Methanol is produced naturally in the anaerobic metabolism of many varieties of bacteria. As a result, there is a small fraction of methanol vapor in the atmosphere. Over the course of several days, atmospheric methanol is oxidized by oxygen by the help of sunlight to carbon dioxide and water.

Methanol burns in air forming carbon dioxide and water:

The combustion reaction of methanol is:

2CH3OH + 3 O2 --> 2CO2 + 4H2O

A methanol flame is almost colorless. Care should be exercised around burning methanol to avoid being burned.

Racing Gasoline Basics

The most important characteristic of gasoline is its ''Research Octane Number'' (RON) or octane rating, which is a measure of how resistant gasoline is to premature detonation (engine knocking). It is measured relative to a mixture of (octane/isooctane), (2,2,4-trimethylpentane) and (n-heptane). So an 87-octane gasoline has the same knock resistance as a mixture of 87% isooctane and 13% n-heptane.

There is another type of octane, called "Motor Octane Number" (MON), which is a better measure of how the fuel behaves when under load. Its definition is also based on the mixture of isooctane and n-heptane that has the same performance. Depending on the composition of the fuel, the MON of a modern gasoline will be about 10 points lower than the RON. Normally fuel specifications require both a minimum RON and a minimum MON.

In most countries  (including all of Europe and Australia) the 'headline' octane that would be shown on the pump is the RON, but in the United States and some other countries the headline number is in fact the average of the RON and the MON, sometimes called the "Research Octane Number" or RON. Because of the 10 point difference noted above this means that the octane in the United States will be about 5 points lower than the same fuel elsewhere. 87 octane fuel in the United States would be 92 in Europe.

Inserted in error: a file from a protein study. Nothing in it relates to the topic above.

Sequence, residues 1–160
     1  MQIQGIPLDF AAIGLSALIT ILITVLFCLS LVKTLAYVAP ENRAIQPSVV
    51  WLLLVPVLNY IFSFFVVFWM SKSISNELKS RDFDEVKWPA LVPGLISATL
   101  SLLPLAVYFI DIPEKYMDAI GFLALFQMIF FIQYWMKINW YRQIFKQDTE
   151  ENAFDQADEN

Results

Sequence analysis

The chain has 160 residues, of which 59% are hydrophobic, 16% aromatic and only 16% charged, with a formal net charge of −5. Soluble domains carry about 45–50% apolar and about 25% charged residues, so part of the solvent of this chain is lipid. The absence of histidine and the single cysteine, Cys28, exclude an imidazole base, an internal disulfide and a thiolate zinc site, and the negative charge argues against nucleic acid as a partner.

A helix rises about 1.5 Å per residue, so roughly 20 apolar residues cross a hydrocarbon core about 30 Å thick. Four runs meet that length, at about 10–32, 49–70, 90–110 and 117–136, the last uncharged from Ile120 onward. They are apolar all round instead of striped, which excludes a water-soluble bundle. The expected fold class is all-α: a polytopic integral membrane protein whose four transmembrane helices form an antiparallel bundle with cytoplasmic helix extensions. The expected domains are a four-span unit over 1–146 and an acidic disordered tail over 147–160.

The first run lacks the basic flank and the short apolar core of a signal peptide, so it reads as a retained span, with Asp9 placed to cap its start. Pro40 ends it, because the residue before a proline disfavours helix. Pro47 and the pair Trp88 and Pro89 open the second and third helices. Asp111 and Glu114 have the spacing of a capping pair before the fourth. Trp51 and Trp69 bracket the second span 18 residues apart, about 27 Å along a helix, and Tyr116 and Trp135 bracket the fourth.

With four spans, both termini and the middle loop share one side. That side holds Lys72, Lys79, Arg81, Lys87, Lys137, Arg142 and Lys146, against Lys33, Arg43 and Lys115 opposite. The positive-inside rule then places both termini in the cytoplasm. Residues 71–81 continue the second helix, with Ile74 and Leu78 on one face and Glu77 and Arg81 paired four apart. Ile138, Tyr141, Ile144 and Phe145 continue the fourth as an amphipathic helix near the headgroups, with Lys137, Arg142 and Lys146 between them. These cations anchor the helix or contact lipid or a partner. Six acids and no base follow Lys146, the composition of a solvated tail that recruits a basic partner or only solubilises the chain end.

It is possible for a fuel to have a RON greater than 100. This reflects the fact that isooctane is not the most knock-resistant substance available.  Racing fuels, (Avgas) and (liquefied petroleum gas [LPG]) typically have octane ratings of 110 or significantly higher.

It might seem odd that fuels with higher octane ratings burn less easily, yet are popularly thought of as more powerful.  Using a fuel with a higher octane allows an engine to be run at a higher compression ratio without having problems with knock. Compression is directly related to power, so engines that require higher octane usually deliver more power. Some high-performance engines are designed to operate with a compression ratio associated with high octane numbers, and thus demand high-octane gasoline. It should be noted that the power output of an engine also depends on the energy content of its fuel, which bears no simple relationship to the octane rating.  Some people believe that adding a higher octane fuel to their engine will increase its performance or lessen its fuel consumption.  This is false - engines perform best when using fuel with the octane rating they were designed for.

The octane rating was developed by the chemist Russell Marker. The selection of n-heptane as the zero point of the scale was due to the availability of very high purity n-heptane, unmixed with other isomers of heptane or octane, distilled from the resin of Jeffrey Pine. Other sources of heptane produced from crude oil contain a mixture of different isomers with greatly differing ratings, which would not give a precise zero point.